Kenya Waits to Hear Final Results of Already Disputed Vote

Supporters of President Uluru Kenyatta celebrate in anticipation of the announcement of the presidential election’s final results Friday , Aug. 11, 2017. Several days after Kenyans voted in elections, the country on Friday was awaiting an announcement of official results that have become a source of bitter contention following opposition allegations of vote-rigging. While most of the country was calm, hundreds of riot police patrolled Nairobi’s central business district and opposition supporters burned tires and blocked roads in several areas.(AP Photo/Jerome Delay)


NAIROBI, Kenya (AP) — Kenyans on Friday awaited the official results of Tuesday’s disputed election as hundreds of riot police patrolled Nairobi’s central business district and opposition supporters burned tires and blocked roads in several areas.

Kenya’s election commission has rejected claims by opposition leader Raila Odinga that its database was hacked and results manipulated against him, and that an unofficial tally confirms him as the winner. Provisional results show President Uhuru Kenyatta with a wide lead over the 72-year-old Odinga, who may be facing his last chance at the presidency after three unsuccessful attempts.

The election commission urged Kenyans to be patient and said it should have an update by mid-afternoon Friday, though the counting process has been repeatedly delayed. The long wait has increased tension in the East African economic power, though the commission by law has until Tuesday to announce the results.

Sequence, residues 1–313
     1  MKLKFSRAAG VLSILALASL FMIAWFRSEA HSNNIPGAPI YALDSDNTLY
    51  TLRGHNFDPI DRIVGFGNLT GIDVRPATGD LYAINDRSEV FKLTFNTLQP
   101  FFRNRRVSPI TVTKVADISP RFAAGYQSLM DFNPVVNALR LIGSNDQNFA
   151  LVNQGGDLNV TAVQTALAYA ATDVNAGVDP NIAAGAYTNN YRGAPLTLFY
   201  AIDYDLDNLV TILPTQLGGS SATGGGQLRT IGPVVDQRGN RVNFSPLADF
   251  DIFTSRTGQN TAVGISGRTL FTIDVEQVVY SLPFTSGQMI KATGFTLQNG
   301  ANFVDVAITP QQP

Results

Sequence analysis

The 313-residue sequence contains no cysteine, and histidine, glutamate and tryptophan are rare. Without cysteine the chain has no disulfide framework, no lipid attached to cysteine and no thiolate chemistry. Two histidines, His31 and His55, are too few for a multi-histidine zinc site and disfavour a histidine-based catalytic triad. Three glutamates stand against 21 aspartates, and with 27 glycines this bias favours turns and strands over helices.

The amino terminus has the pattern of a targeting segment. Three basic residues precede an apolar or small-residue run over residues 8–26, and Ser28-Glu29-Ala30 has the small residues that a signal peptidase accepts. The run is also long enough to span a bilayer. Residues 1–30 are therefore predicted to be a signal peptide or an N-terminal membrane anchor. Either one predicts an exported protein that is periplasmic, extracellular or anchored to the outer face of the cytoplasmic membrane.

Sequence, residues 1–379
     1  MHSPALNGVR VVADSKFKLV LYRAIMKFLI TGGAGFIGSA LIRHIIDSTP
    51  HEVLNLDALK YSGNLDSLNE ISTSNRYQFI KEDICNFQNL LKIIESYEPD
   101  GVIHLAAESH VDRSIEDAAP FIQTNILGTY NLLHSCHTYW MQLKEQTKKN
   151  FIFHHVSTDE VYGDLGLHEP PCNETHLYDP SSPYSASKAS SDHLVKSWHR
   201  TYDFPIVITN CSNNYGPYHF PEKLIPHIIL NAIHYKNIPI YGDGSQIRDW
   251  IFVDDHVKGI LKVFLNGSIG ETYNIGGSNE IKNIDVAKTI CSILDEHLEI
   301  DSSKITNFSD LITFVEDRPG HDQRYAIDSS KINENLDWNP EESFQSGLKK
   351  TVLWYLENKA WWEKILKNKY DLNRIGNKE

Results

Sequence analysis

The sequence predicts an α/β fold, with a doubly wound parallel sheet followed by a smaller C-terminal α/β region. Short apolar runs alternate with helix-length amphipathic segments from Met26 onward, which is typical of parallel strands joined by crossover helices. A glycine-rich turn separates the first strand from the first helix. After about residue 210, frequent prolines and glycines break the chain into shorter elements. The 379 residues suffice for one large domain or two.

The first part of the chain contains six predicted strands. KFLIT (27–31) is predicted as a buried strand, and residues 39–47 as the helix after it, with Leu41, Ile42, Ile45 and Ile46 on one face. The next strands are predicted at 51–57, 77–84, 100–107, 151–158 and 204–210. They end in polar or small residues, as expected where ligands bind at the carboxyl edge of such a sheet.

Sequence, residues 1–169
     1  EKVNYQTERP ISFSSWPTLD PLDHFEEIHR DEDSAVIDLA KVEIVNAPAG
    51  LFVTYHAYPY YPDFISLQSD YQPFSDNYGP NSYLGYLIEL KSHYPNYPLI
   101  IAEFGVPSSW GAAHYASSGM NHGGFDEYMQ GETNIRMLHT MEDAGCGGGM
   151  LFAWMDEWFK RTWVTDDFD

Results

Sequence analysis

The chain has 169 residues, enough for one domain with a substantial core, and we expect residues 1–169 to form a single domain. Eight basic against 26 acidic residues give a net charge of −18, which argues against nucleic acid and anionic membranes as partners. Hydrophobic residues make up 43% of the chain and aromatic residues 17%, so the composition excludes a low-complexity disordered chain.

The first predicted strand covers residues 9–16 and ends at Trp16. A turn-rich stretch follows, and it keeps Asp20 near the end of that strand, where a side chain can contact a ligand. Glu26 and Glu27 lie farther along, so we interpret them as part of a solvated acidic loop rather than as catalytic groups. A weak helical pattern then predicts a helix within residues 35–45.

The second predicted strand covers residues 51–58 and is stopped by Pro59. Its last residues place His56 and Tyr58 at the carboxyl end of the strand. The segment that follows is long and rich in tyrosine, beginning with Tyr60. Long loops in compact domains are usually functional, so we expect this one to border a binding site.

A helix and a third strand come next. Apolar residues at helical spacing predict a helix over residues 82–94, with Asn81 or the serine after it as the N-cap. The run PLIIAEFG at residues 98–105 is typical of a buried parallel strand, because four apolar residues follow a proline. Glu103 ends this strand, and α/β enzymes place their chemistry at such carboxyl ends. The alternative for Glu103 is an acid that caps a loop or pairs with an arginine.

The government urged citizens to return to work. Television and radio presenters echoed messages from the interior ministry saying the country was safe despite pockets of protests.

Opposition supporters burned tires and blocked roads in the Nairobi slum of Kibera and in Kisumu, a city in the southwest where Odinga has strong support. At least three people have been shot and killed during clashes between police and opposition supporters this week.

Odinga, a former prime minister, lost the 2007 election that was followed by violence fueled by ethnic tensions that killed more than 1,000 people. He also lost the 2013 vote to Kenyatta and took allegations of vote-tampering to the Supreme Court, which rejected his case.

This time, Odinga says hackers infiltrated the election commission’s computer system with the identity of a murdered election official and altered results to favor the 55-year-old Kenyatta, the son of Kenya’s first president after independence from British colonial rule. On July 31, officials announced that Christopher Msando, an election official in charge of managing information technology systems, had been tortured and killed.

The election commission says there was a hacking attempt but it failed, and that Odinga’s camp has no right to declare him as the winner.

“The constitution of Kenya is very clear — the only body that has the authority to announce, to actually organize, announce, tally the result is the Independent Electoral and Boundaries Commission of Kenya,” said Roslyn Akombe, a senior election official.

Election officials have been painstakingly trying to confirm their provisional results showing Kenyatta in the lead with checks of documents from polling stations nationwide.

Kenyatta has not commented on Odinga’s allegations.

International election observers say they have seen no signs of interference with the vote.

U.S. ambassador Robert F. Godec said the work of election officials should be not be disrupted as they tally final results and any disputes should be dealt with through legal channels.

“No Kenyan should die because of an election,” Godec said.

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